The report by the Beijing Institute of Space Science and Technology said the US, Europe, Russia, China, Japan and India are the leading powers in space, adding that India has become the first Asian country to successfully send a mission to Mars in 2014, a feat that China failed to achieve despite its attempts earlier.

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Re: Indian Space Programme Discussion

Postby member_28108 » 27 May 2015 06:40

I thought that satellite based internet has one main issue - time lag ie latency that makes easy intenet implementation difficult isn't it ?

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Re: Indian Space Programme Discussion

Postby pankajs » 29 May 2015 11:20

http://www.thehindu.com/news/cities/ban ... 257994.ece
GPS top-up GAGAN is up and ready
On May 19, GAGAN, the Rs. 774-crore Indian ‘augmentation’ to GPS, beamed its first signals and became fully ready for use.

India becomes the first country to offer satellite-based fine-tuning of GPS in the challenging equatorial region of severe ionospheric variations. GAGAN is built over the US military's location-telling Global Positioning System. It reached fruition on April 21 when it was certified for APV1 — or precision vertical guidance for planes to land safely — according to its co-creator, the Indian Space Research Organisation. An earlier RMV 0.6 certification for en route navigation came in 2013.

Airports Authority of India and ISRO initiated GPS Aided Geo Augmented Navigation over a decade ago to smoothen air traffic in the country.

Officials associated with it say that when airlines fit a GAGAN receiver on planes and use it, fliers can expect shorter air routes and travel time; fuel and other savings for airlines; while airports can cut congestion and manage air traffic better. Its non-aviation spinoffs, too, are said to be enormous.

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Re: Indian Space Programme Discussion

Postby Shubham » 29 May 2015 12:31

pankajs wrote:http://www.thehindu.com/news/cities/bangalore/gps-topup-gagan-is-up-and-ready/article7257994.ece
GPS top-up GAGAN is up and ready
On May 19, GAGAN, the Rs. 774-crore Indian ‘augmentation’ to GPS, beamed its first signals and became fully ready for use.

India becomes the first country to offer satellite-based fine-tuning of GPS in the challenging equatorial region of severe ionospheric variations. GAGAN is built over the US military's location-telling Global Positioning System. It reached fruition on April 21 when it was certified for APV1 — or precision vertical guidance for planes to land safely — according to its co-creator, the Indian Space Research Organisation. An earlier RMV 0.6 certification for en route navigation came in 2013.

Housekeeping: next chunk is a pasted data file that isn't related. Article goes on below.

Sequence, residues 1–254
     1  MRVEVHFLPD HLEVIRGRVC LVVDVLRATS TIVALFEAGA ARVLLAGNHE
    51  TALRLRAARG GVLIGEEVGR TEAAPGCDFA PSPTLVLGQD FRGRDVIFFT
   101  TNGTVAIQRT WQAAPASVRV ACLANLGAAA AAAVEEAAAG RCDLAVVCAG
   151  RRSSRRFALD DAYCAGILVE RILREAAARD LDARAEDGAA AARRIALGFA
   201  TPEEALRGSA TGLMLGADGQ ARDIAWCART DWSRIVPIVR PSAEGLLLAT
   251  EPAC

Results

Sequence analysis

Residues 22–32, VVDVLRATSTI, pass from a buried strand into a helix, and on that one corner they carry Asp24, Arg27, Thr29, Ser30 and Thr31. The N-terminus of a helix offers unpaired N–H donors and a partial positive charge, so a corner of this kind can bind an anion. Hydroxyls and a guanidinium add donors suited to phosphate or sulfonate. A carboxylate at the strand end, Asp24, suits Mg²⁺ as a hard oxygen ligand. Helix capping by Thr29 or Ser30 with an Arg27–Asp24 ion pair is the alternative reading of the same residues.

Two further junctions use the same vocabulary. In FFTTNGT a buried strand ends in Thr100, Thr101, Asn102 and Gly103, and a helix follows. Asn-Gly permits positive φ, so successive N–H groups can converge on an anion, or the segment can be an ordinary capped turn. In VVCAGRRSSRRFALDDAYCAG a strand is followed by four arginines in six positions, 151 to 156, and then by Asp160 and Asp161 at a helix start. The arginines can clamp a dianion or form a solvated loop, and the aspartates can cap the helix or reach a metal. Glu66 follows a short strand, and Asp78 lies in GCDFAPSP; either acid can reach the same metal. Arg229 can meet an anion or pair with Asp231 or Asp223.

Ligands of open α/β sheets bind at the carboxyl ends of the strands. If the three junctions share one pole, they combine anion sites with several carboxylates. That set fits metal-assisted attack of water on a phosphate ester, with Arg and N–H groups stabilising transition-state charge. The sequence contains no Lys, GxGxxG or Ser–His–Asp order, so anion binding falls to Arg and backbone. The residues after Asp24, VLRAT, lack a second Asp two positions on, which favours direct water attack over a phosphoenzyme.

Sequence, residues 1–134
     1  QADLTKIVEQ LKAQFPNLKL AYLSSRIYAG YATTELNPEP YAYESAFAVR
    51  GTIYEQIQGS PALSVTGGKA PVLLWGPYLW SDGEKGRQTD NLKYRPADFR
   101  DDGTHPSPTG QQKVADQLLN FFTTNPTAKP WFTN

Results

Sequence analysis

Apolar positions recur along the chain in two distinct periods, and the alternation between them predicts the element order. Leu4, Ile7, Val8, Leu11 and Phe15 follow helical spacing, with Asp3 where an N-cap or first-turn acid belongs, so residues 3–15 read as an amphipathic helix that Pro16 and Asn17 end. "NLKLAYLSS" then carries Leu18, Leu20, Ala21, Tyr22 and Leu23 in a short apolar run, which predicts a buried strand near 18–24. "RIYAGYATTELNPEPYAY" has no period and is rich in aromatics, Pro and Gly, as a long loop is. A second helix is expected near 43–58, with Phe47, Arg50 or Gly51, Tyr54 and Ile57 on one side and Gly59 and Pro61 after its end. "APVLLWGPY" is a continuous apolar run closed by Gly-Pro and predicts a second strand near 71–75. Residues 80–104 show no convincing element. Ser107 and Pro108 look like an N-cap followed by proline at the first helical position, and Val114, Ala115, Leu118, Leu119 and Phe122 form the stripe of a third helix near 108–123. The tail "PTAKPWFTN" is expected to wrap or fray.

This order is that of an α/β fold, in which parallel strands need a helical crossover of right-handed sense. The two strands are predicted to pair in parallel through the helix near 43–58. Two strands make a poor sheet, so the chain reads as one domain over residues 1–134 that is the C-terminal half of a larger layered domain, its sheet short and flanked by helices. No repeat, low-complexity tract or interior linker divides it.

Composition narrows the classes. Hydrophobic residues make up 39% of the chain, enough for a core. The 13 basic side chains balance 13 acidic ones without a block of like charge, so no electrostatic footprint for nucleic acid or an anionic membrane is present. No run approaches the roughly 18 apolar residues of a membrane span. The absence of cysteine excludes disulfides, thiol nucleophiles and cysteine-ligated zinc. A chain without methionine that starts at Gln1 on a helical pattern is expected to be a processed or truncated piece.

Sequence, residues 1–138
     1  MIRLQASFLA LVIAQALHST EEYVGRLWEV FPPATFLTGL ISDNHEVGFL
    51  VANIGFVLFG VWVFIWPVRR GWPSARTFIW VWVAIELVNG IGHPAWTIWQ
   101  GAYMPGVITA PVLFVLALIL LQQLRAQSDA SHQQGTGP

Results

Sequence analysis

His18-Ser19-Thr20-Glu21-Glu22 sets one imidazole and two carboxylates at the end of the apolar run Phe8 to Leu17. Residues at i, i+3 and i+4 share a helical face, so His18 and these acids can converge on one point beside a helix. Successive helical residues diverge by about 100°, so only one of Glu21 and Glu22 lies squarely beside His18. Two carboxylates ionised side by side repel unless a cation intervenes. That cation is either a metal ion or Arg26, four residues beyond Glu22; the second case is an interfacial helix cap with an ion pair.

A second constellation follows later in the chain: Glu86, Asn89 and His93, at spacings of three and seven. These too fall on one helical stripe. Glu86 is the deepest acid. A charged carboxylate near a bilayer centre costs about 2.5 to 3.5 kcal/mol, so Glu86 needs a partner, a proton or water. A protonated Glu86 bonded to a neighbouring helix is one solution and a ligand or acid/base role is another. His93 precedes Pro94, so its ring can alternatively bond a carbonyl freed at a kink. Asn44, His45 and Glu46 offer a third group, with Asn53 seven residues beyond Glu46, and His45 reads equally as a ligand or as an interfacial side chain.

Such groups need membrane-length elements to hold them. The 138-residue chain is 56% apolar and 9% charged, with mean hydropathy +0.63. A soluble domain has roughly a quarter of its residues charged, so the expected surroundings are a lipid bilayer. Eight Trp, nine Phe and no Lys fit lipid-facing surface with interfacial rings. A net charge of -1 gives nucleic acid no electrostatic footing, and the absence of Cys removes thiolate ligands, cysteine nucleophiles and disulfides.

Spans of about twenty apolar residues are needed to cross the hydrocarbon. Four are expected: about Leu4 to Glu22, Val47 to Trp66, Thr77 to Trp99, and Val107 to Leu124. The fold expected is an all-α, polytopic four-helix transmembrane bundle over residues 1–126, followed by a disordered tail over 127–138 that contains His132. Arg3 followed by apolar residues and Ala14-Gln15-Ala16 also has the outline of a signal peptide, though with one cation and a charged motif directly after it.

Airports Authority of India and ISRO initiated GPS Aided Geo Augmented Navigation over a decade ago to smoothen air traffic in the country.

Officials associated with it say that when airlines fit a GAGAN receiver on planes and use it, fliers can expect shorter air routes and travel time; fuel and other savings for airlines; while airports can cut congestion and manage air traffic better. Its non-aviation spinoffs, too, are said to be enormous.


As mentioned GAGAN signal has been available since Jan 14. I had been able to receive signal from GAGAN satellites which appears as satellite number 40 & 41. The GPS also recognizes them as WAAS compatible and in some conditions I have seen position accuracy improve by factor of 3 or 4.

"As in Europe and the US, it would take a long time to fit Airbus and Boeing planes with the Indian receivers, the official said."

In my view any GPS receiver which has the feature of WAAS/EGNOS etc are compatible with GAGAN signal. Not sure why there is any need for an Indian receivers or any GAGAN receiver?

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Re: Indian Space Programme Discussion

Postby SSridhar » 29 May 2015 16:48

ISRO mulls tie-up with industrial partners - Madhumitha D.S., The Hindu
The Indian Space Research Organisation (ISRO) is planning to magnify the role of its industry partners by starting joint ventures with them and readying them to do entire tasks like satellite launches, its Chairman A.S. Kiran Kumar has said.

The agency has sounded out its commercial arm, Antrix Corporation, to explore such opportunities for specific projects. Internal teams are being formed to draft a plan, he told The Hindu in a recent interview.

For one, Antrix might form ventures with public or private entities that had already been supplying for the space programme. The extent of financing and equity would be decided later. “We hope to have a clear picture in about a year. We have asked Antrix to identify industries and requirements and have initiated discussions internally,” said Mr. Kiran Kumar, who is also Secretary of the Department of Space.